She’d only just sat down in her office chair when she heard a rap on the glass of the open door. She looked up to find one of her fellow ‘wedding ghetto’ traders leaning against the jamb.
‘Hey,’ Peggy said, smiling. Today she was in all her vintage glory. Her platinum blonde hair was curled to resemble Marilyn Monroe’s and she wore a fitted pale pink dress covered with small white polka dots. The look was finished off with matching pink stilettos with spotty bows at the toes.
Claire had been friends with Peggy even before she’d rented the office in Old Carter’s Yard. It was through Peggy, who worked two doors down at Hopes & Dreams as a proposal planner, that Claire had discovered the shop space had been available to rent.
Claire smiled back. ‘Hi. Need help with a proposal?’
Peggy nodded and came and sat down in the chair opposite Claire. ‘Nicole asked me to pop down. We have a client who wants to pop the question—sunset at the top of the Eiffel Tower. That bit we can manage, but we’d like you to handle the first-class Eurostar tickets, and give us suggestions of half a dozen romantic hotels in Paris. He hasn’t got a five-star budget, but he’d like it if his fiancée-to-be didn’t guess that.’
Claire smiled. ‘I know some great little boutique hotels on the Left Bank, where you get a bit more pizazz for your euro. What sort of timescale are we looking at?’
‘Their anniversary is on the fourteenth of July. He’d like to do it then.’
‘No problem.’ Claire opened her browser and clicked through a couple of hotel websites. ‘I’ll have preliminary details to you by the beginning of next week.’
Peggy clapped her hands together and grinned. ‘You’re a star! And I’m so glad you took this office over. It’s so much more fun coming down for a visit than sending off a boring old email.’
‘I’m glad too.’ Carving a name for herself in the travel business had been hard. She needed a niche, she’d realised, and thanks to Peggy and Hopes & Dreams she’d found one. Six months after she’d started doing bookings for them she’d moved from general travel planning to concentrating on romantic trips of all kinds—proposals, honeymoons, special anniversaries.
She’d even planned a couple of holidays to help couples conceive. Okay, well, she didn’t actually help them conceive—that was up to them and God—but giving them some much-needed time together where they could relax and let nature take its course, that she could manage.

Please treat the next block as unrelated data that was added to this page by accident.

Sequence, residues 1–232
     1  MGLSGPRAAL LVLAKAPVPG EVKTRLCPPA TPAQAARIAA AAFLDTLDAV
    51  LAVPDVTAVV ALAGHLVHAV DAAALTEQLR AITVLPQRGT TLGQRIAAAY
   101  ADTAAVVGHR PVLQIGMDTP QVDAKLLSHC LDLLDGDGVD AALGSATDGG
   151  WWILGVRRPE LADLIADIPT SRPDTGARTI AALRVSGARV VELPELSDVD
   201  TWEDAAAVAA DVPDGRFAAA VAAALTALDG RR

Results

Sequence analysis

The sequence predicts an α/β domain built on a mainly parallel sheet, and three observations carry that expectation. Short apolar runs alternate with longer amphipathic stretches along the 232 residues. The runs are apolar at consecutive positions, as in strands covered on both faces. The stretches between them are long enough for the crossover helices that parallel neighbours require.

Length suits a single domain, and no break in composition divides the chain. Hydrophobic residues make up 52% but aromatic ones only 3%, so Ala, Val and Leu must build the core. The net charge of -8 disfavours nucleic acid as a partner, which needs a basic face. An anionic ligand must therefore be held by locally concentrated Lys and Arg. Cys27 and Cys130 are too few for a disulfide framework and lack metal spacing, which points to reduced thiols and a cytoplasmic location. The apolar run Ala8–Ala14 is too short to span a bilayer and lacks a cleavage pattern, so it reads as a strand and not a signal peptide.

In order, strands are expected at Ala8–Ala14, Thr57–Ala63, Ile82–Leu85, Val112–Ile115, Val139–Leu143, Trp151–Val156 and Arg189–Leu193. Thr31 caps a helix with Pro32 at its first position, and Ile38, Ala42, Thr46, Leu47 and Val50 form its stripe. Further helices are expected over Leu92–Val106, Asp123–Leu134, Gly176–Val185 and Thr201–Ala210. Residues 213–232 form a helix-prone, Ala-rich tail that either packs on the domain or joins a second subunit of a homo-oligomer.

‘How about a Frappuccino?’ Peggy asked, nodding towards Sweet Nothings, the organic café and bakery just at the entrance to the yard.
Claire frowned. ‘It’s only ten past nine and you’re having a break? I thought you were supposed to be just “popping down”.’
Peggy’s smile didn’t fade one iota. ‘I’m still working,’ she said sweetly. ‘We’ll discuss the Paris trip while we slurp.’
Claire shook her head gently and considered Peggy’s temping offer. When she arrived for work in the mornings, she usually dived straight in and didn’t surface again until her stomach started to rumble, but this morning her throat was dry and a fine bead of sweat was tickling its way down between her shoulder blades. ‘Oh, go on then,’ she muttered.
Peggy sprung up from the chair, grinning harder. Then she held out her hand. It took Claire a couple of moments before she worked out what was going on. Rolling her eyes, she fumbled through her purse then dropped a ten pound note into Peggy’s hand. ‘I want change!’ she yelled after the polka-dotted figure that practically skipped out of the shop.
There can’t have been much of a queue in Sweet Nothings, she thought, because less than a minute later she sensed a presence in the doorway, hardly enough time to blend the ice, let alone dowse it in ice-cold milk and espresso. ‘I need to talk to you about the film club meeting tonight,’ she said, still looking at her computer screen. ‘How do you feel about being our new treasurer?’
A dark silhouette strode into the shop. ‘You know I’d do anything for you,’ a smooth deep voice said.
Claire’s head snapped up.
‘Treasurer of what?’ Doug Martin asked.
Claire shook her head. ‘Nothing you’d be interested in,’ she said, laughing. She saw enough of Mr Martin as it was. ‘Sorry, I thought you were someone else.’
He took a couple of steps into the office. ‘A boyfriend kind of someone else?’
Claire fought hard to keep her denial unspoken. She pasted on her best professional smile. ‘How can I help you, Mr Martin?’
He smiled at her indulgently. ‘Doug. I thought we agreed you were going to call me Doug.’
They had. And it did feel rather old-fashioned to be talking to a customer that way. He was a nice enough man, maybe a little closer to forty than she was, with an unthreatening, slightly boyish face.
‘Okay, Doug . . . What can I help you with?’